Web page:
I’ve always felt rather lucky to be someone who has a good relationship with their parents, and one of the tough things about me living in another country is being apart from them. As an only child, I can only assume that it must be even harder for them than it is for me. Especially for my mom, who is prone to getting teary-eyed whenever the subject of me being away or how she is “proud of me” comes up. She’s probably doing so as she reads this, and I am sure she is reading this because she’s always been so supportive in my eclectic interests and activities. So, I’m going to be that person and give a shout out: Hi Mom! I love you!
The past couple weeks my mom was actually able to visit me here, all the way in Japan, which I was very surprised she was able to do, but also excited and happy. Along with our running aimlessly around Tokyo, we found some time to just sit back, relax, and watch one of our favorite mother-daughter movies, Brave.
Brave is rather rare amongst Disney and Pixar movies in that it focuses on a mother-daughter relationship. There are plenty of cool father-son or father-daughter relationships around – you’ve got Mufasa and Simba, Ariel and King Triton, even psudo-fatherly relationships like Sully and Boo from Monsters Inc. The mother figure is usually deceased or relegated as a background character. Even Bambi’s mom ends up dead (spoilers). And if they are at the forefront, they are usually evil step-mothers or just keeping the child so they can use their magical healing hair to keep them forever young. So it’s nice to see a kids movie, and especially a fairy tale movie (where evil step-mothers thrive), that has a positive and rather realistic portrayal of a mother-daughter relationship.
I must admit that when Brave came out, I was somewhat disappointed. The trailers and the hype had worked it up to be this epic movie of a master of archery taking on some mythical bear-creature. The title sure made its mark as something to be excited for. But when it actually turned out to be a more slower paced, theme-heavy movie, I was a little upset. I guess I was hoping for an example of bad-ass feminism a la Furiosa in Mad Max: Fury Road or Rey in The Force Awakens. It was not until a re-watching or two that I came to understand that while it wasn’t the kick-ass female fighter showdown I was hoping for, it did make an important mark of showing us something we hadn’t seen as much before. You don’t have to be shown fighting or being physically strong to be a strong or good female character. It would also be unrealistic and unoriginal if all our fictional women were essentially men with breasts. So, I applaud Brave for bringing us two really awesome female characters who are epic in their own right, and who reflect an important aspect necessary to not just mother-daughter relationships, but all relationships – understanding.
The main conflict in Brave is that the adventurous Merida (Kelly MacDonald) doesn’t want to be held back by the customs imposed upon her by her more traditional mother, Elinor (Emma Thompson). Things begin to get worse between the two when Elinor forces Merida to choose a groom from the sons of the family leaders within their kingdom. Merida seeks out help from a witch to “change her mother” in order to change her fate. But this causes Elinor to be turned into a bear, with the only way to undo the spell is to “mend the bond torn by pride”. What follows is a sweet and sometimes suspenseful story that tests their trust in one another and allows them to learn from each other. The change throughout the movie is somewhat subtle, but well done and no less heartfelt. In the first act, there’s a wonderful scene (shown below) where Merida and Elinor are ranting about what they would say to each other. Though they are separate and speaking to no one in particular, they are almost having the same argument. This is effective in showing that their problems are similar as well as their personalities, and that their only wish is for the other to understand how they feel. Later on, when Elinor is a bear, there is a cute bonding moment where the two try to catch a fish. And then in the final act where things come together, Merida is able to “mend the bond” which turns out to be saying two simple phrases – “I’m sorry” and “I love you”.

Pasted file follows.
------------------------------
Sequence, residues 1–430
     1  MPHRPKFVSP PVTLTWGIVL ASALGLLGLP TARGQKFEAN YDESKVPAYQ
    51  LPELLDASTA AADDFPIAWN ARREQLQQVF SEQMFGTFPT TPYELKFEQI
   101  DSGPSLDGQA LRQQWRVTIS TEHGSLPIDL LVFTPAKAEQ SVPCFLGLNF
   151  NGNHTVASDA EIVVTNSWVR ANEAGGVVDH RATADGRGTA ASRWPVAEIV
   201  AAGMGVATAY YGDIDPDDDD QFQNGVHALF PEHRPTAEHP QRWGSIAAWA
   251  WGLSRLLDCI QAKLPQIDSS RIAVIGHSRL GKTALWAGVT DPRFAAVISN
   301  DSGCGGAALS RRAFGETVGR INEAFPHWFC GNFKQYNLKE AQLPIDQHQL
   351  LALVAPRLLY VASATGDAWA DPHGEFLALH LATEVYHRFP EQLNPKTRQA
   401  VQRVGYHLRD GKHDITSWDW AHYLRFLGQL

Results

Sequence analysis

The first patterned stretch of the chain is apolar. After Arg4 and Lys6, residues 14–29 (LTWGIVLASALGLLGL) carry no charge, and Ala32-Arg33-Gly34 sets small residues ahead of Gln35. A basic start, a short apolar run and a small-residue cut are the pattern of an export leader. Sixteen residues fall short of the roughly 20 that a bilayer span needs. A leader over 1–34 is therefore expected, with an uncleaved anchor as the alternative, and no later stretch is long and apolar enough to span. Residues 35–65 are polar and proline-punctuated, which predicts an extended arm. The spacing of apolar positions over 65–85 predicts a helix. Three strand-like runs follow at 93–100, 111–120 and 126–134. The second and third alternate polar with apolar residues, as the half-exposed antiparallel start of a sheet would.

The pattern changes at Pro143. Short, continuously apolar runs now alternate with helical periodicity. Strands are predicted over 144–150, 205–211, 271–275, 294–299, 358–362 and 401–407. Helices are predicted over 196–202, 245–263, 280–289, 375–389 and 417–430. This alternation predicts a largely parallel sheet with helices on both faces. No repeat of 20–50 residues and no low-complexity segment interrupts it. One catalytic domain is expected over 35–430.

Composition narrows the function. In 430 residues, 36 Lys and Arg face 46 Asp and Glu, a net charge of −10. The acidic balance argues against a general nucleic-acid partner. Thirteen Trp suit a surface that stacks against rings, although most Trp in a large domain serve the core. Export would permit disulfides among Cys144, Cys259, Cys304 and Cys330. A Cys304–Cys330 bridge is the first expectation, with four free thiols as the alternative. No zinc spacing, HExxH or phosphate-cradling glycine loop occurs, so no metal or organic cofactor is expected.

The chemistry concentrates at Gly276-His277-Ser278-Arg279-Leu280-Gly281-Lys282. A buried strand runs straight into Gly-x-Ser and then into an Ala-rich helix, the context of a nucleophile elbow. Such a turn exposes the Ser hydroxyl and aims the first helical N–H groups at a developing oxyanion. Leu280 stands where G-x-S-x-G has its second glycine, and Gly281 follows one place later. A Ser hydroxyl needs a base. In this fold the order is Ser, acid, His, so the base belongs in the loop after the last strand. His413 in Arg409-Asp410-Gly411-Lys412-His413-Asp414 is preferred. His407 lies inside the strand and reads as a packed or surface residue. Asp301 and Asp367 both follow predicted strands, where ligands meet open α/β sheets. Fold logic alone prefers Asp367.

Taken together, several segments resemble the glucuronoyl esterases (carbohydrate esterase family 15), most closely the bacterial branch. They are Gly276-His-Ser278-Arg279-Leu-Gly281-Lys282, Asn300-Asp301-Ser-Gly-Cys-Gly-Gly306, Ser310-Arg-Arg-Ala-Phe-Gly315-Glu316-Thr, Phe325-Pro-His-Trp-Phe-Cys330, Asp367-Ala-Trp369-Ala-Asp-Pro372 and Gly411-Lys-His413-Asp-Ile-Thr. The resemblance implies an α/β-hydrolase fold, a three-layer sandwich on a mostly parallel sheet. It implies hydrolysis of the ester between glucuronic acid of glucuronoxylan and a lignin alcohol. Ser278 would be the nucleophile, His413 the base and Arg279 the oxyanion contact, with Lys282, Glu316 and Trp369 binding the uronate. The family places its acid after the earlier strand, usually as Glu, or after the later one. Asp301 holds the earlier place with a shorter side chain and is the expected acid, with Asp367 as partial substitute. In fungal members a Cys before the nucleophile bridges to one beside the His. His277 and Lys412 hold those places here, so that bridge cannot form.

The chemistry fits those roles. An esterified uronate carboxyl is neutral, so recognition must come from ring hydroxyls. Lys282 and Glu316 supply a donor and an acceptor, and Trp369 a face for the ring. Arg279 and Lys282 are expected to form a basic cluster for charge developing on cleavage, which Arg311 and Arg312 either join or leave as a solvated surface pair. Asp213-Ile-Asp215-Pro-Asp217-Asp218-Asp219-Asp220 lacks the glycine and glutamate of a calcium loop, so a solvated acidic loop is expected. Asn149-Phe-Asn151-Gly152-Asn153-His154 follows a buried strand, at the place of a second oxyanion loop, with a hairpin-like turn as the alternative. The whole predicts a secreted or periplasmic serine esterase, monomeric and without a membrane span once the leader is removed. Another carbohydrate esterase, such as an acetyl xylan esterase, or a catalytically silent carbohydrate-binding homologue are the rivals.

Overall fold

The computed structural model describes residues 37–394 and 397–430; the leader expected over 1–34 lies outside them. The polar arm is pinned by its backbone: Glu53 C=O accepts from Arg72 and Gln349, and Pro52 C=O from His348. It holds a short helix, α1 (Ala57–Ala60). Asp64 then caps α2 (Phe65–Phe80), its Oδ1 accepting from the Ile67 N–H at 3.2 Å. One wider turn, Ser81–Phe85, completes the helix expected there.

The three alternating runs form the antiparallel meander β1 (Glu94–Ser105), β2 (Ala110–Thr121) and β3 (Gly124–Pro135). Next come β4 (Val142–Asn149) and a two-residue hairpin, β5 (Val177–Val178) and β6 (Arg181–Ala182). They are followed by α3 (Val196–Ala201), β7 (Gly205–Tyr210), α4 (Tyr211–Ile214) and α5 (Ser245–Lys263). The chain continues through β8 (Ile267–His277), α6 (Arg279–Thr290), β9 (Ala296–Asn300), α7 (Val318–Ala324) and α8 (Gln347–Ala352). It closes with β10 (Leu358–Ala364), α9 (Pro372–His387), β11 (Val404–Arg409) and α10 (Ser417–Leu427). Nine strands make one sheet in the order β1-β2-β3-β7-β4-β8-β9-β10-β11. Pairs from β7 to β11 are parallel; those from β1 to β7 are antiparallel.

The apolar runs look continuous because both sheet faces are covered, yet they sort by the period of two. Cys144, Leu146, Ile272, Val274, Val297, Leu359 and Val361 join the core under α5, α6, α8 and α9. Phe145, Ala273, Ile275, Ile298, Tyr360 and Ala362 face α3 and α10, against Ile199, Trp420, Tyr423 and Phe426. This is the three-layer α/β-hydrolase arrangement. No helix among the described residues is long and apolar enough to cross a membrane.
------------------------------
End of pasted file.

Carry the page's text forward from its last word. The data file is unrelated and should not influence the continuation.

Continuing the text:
What I like about this film is that at certain points you want to side with both characters. I especially relate with the free-spirited Merida, not wanting to be tied down into a marriage she doesn’t agree with. But the political leanings of the mother, wanting marriage to maintain peace in the kingdom and safety for her daughter becomes understandable, too. That’s what is important here – the understanding and the necessity to talk. There was no need for Merida to “change her mom” no more than there was need for Elinor’s attempts to mold and shape her daughter. The movie doesn’t pick sides and the viewer can see faults in both characters. Children make mistakes, and mothers don’t always know best. Brave does an excellent job of expressing this lesson and mirrors a common family clash in a fun and still pretty epic fairy tale, and is yet another example of Pixar’s finest.
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